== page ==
Back In The Saddle

http://cts.vresp.com/c/?RescueRiders/1e5f01c26a/0bae884379/30298965cbHere we go again. This is my second attempt at a newsletter so with a little luck this will all come together. Sit back, relax and enjoy the ride.

Let me start by thanking all of you for your interest and dedication to helping make the road a safer place for bikers. I get about 50 e mails and/or calls a day asking what the heck is a Rescue Rider? I do my best to respond to every call and e mail to answer your questions and am happy to tell you I have an answer for all of you.... What is a Rescue Rider? I am not going to answer that.... Tricked you didn't I... The reason I am not going to answer is that if you read the article below titled "You Can Make A Difference" you can see exactly what a Rescue Rider is. This article was sent to me from Dave Mackie who is one of our Regional Coordinators from Wisconsin. Dave does a much better job in showing what our program has been developed for.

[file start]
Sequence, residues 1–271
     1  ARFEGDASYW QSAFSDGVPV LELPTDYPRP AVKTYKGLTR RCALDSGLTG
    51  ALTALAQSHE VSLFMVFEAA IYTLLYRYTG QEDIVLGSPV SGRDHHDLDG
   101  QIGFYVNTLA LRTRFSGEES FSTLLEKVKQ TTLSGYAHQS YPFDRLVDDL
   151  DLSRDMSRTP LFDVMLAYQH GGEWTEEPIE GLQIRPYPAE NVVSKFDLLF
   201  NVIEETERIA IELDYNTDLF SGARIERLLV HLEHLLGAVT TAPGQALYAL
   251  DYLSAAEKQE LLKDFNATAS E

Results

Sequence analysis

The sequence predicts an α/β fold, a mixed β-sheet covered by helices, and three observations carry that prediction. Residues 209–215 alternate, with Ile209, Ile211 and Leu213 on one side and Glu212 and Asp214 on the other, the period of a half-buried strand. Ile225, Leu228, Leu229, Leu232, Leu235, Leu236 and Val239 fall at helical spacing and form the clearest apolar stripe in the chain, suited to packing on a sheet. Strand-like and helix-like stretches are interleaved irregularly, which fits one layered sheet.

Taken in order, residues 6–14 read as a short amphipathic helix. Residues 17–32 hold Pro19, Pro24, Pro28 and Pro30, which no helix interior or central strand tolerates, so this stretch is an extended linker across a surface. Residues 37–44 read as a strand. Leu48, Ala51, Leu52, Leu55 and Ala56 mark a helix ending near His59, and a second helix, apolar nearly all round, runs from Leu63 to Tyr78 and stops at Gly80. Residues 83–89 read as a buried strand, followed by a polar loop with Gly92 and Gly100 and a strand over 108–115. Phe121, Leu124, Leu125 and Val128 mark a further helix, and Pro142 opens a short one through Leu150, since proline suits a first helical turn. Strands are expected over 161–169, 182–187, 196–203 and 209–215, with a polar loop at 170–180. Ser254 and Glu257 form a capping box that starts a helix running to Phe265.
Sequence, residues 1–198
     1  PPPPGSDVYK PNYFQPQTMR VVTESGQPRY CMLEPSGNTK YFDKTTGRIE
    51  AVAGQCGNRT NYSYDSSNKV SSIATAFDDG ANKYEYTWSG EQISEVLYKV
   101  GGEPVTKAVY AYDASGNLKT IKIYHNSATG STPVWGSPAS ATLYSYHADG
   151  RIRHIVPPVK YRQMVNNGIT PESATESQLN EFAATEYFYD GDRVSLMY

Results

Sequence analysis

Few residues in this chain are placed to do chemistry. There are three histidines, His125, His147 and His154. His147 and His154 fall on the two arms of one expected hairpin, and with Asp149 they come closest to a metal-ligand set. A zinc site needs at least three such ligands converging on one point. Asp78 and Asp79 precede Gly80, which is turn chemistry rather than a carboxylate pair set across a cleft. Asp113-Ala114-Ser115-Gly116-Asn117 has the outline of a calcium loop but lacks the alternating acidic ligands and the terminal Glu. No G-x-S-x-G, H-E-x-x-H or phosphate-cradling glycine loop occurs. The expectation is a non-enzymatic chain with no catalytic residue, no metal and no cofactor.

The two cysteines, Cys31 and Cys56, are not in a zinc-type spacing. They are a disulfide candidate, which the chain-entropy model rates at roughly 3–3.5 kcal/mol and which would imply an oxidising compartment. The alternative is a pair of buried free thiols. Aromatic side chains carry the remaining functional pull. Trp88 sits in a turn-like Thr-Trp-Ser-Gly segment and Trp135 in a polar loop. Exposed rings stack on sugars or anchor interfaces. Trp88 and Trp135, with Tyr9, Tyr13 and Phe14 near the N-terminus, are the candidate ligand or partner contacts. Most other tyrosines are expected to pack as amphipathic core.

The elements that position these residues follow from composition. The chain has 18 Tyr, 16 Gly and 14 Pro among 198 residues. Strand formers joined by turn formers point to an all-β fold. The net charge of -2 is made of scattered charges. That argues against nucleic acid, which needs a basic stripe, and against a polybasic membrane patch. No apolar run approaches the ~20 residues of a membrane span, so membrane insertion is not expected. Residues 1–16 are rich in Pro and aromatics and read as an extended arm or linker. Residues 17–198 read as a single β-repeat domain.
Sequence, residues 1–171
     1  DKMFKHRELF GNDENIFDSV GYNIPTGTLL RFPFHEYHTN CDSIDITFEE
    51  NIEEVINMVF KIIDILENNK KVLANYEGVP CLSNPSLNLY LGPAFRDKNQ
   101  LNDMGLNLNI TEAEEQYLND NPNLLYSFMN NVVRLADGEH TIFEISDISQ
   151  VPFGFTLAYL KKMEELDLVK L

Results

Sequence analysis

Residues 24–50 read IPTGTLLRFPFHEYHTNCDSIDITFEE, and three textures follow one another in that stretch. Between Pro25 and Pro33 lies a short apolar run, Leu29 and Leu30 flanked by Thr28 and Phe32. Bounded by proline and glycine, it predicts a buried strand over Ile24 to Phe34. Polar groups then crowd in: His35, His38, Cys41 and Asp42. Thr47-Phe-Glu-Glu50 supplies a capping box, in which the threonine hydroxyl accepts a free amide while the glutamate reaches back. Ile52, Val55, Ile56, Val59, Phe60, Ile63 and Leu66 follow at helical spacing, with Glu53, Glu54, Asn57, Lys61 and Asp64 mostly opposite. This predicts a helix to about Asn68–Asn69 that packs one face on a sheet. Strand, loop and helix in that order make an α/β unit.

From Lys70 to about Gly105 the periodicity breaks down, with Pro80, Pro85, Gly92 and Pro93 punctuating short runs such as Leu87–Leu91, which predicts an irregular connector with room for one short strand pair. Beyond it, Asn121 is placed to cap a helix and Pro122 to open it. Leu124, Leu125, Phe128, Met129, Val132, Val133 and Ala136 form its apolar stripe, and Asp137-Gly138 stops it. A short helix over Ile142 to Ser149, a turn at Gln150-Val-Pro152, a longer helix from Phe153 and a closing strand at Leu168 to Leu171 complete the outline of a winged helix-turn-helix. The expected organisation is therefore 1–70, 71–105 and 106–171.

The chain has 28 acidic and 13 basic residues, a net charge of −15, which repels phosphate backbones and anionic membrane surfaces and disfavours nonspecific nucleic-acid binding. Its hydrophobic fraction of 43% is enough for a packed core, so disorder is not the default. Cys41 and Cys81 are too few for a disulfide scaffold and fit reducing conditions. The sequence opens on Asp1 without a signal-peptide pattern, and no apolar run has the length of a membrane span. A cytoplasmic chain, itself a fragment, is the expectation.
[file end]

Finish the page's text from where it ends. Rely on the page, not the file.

On another note, are any of you heading to Harley Davidson's 105th anniversary celebration August 28th-31st? The Red Cross and regional Medical Reserve Corps has asked for some help for the Rescue Riders. With attendance estimated to be several hundred thousand bikers, many of our brothers & sisters will unfortunately need a hand. If you are making the journey to this event this year, we would love to hear from you.

I am also please to share with you an article written by Vicki Sanfelipo. Vicki is the founder and director of Accident Scene Management and a most excellent person. I hope you enjoy Vicki's article.